Davey does play in a lower-level poker game with Artie and some other guys. But this game is not manly enough, these players are still emasculated—Artie leaves before it gets late, otherwise “Charmaine will have my balls on the menu tomorrow.” (In last season’s “Boca,” the Artie-character was used as a marker of goodness, a man of both domestic and civic responsibility in contrast to Coach Hauser and Tony Soprano. Artie is used in the same way here. Just as it was with Coach Hauser, we believe early on that Davey falls somewhere close to Artie on the scale of virtue, but as the episode progresses, we come to see that darker desires are pulling at him.)
Davey shows up at the motel where the Executive Game is being held. If this motel doesn’t immediately ring a bell, the sound of Furio actually ringing the desk bell should—it is the same bell that Paulie banged Ariel over the head with in episode 1.03:
Tony tries hard to keep Davey out of the game, but he finally relents. This is where the big fellas play. In addition to a couple of high-level NY and NJ mobsters, Frank Sinatra Jr. himself is at the table. (Paulie may call him “Chairboy of the board,” but he is no boy—his bloodline guarantees his masculinity.) Urologist Dr. Ira Fried, whose specialty is penile implants, also has chips on the table. Note the comparison: the lower-level game had Artie, who went running back to his wife lest she clip his nuts, while the Executive Game hosts a player who could probably reattach them.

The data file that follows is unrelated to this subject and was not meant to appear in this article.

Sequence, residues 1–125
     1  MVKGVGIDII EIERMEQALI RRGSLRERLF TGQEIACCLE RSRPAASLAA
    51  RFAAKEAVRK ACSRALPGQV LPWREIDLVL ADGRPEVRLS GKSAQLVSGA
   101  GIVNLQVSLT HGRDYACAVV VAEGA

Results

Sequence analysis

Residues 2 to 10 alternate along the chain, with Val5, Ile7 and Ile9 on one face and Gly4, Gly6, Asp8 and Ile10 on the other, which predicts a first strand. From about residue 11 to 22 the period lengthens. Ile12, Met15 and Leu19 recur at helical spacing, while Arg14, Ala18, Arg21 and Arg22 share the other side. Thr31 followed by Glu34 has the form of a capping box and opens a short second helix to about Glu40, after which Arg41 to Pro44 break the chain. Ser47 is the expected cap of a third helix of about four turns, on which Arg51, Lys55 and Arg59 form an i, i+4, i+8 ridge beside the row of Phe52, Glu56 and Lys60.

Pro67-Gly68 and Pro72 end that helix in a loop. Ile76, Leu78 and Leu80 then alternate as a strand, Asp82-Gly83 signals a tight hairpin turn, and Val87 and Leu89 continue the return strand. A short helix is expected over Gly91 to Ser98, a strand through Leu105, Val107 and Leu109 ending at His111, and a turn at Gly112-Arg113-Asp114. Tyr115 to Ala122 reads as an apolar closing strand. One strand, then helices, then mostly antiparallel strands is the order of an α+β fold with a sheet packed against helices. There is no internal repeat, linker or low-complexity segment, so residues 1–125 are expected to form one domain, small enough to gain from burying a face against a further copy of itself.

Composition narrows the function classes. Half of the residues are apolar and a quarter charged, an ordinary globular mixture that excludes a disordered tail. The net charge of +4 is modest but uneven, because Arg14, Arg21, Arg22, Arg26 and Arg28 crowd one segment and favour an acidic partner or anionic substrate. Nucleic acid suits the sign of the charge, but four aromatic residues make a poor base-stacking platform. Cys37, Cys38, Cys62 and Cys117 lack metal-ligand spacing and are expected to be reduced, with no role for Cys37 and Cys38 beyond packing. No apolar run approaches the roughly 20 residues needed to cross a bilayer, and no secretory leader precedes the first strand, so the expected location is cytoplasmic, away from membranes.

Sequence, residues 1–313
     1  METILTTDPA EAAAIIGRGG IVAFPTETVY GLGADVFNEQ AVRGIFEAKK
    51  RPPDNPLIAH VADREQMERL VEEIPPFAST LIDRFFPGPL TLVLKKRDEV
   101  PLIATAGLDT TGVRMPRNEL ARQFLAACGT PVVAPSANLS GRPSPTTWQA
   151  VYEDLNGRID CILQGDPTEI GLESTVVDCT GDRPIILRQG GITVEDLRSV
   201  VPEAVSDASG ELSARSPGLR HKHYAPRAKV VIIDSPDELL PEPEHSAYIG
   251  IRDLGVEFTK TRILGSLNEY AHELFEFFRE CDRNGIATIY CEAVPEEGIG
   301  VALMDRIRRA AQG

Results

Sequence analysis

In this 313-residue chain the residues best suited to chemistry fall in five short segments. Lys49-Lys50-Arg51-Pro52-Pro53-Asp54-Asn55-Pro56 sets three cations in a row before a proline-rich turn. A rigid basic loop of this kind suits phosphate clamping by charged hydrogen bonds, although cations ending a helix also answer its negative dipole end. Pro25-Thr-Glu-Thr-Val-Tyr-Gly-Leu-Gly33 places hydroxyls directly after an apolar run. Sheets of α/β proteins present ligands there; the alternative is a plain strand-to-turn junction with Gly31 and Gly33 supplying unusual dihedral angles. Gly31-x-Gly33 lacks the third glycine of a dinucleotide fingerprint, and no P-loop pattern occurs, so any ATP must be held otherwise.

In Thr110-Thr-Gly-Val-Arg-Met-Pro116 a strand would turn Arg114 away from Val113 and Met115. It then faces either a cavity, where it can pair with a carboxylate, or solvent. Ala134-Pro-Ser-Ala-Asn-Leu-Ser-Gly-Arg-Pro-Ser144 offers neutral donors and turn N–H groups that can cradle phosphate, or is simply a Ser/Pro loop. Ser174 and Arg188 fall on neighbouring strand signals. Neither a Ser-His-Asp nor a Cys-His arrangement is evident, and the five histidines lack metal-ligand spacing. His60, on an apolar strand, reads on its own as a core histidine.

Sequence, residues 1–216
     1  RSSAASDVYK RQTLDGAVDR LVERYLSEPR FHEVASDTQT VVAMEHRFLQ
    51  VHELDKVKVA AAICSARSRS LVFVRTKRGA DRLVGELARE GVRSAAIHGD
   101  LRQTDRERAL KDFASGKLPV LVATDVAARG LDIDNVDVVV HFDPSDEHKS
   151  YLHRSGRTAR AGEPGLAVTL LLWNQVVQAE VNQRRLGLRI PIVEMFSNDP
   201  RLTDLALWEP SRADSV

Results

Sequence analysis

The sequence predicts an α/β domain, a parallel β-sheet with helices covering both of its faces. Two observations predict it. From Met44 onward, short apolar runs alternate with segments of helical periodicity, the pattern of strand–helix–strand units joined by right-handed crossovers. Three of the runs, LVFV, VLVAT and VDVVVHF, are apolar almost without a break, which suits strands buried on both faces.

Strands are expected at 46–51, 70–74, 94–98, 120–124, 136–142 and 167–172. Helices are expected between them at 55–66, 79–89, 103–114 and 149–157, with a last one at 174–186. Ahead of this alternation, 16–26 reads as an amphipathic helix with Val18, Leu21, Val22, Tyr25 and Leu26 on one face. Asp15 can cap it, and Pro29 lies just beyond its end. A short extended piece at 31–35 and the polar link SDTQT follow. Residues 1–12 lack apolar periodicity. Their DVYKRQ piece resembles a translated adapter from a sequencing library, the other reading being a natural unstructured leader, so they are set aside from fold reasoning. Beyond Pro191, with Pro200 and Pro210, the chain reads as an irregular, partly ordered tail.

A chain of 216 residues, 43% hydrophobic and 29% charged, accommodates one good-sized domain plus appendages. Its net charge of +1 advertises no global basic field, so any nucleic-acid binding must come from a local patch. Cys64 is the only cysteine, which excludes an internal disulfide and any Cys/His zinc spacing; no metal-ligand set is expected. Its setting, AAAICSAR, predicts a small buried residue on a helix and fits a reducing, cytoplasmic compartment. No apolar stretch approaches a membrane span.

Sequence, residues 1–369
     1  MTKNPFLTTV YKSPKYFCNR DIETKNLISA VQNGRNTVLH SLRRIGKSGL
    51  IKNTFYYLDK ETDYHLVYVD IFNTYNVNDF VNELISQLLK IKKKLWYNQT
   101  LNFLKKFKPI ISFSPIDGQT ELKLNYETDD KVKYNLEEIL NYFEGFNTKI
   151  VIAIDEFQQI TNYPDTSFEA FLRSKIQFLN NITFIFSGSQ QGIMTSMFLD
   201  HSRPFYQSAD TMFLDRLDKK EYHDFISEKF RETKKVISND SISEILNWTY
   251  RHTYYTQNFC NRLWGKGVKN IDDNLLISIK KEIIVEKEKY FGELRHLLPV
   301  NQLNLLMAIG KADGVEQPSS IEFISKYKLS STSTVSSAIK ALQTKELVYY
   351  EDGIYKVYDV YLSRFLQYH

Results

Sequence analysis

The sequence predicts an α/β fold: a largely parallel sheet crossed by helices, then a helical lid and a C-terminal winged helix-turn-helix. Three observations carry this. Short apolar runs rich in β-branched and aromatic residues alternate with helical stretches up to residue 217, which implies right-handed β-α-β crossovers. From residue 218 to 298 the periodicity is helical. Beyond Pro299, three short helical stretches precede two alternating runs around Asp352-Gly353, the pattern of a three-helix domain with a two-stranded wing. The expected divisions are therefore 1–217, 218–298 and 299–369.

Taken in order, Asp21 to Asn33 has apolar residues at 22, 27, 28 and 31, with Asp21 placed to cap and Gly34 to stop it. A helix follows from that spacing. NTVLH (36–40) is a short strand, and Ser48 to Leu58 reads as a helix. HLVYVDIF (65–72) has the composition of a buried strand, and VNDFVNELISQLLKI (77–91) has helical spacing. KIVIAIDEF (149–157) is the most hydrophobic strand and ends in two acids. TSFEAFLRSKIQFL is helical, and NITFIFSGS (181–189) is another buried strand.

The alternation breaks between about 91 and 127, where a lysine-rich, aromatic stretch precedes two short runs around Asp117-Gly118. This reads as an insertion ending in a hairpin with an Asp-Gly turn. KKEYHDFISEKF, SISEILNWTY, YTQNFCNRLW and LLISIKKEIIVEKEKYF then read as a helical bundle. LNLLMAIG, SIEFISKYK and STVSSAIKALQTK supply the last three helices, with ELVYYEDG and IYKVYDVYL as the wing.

Richie stops by the Executive Game and is surprised to find that Davey, who is in debt to him, is putting money into the game (and losing). Richie makes a scene and tries to muscle Davey. It’s not just Davey and Richie who try to prove their masculinity here, Tony must also show his strength. There is no other way to maintain his position as the Alpha-male of the NJ mob. At Tom Sr’s funeral, Tony and Richie go into a side parlor to talk. Even though the funeral home probably disallows it, tough-guy Tony lights up a cigar:
Sometimes a cigar is just a cigar, but sometimes it’s more. The fact that Tony says “It’s a big joint” just as he lights the cigar strengthens its phallic association because we’ve heard “joint” used with this slang meaning in previous episodes. Moments later, in full macho mode, Tony rules that Davey must pay him the full $45,000 owed to him before Davey pays back a single dollar to Richie. It may be unfair, but Tony has to tax Richie for the brouhaha he made at the Executive Game. Tony must maintain his masculine posture: “If I don’t do somethin’, how is it gonna look?”
Davey is perhaps lucky that Tony is now considered his primary creditor. Tony may be a villain but he’s not as villainous as Richie—Tony is not going to run him over with an SUV for missed payments. But when Davey does quickly fall behind, Tony confronts him in his office: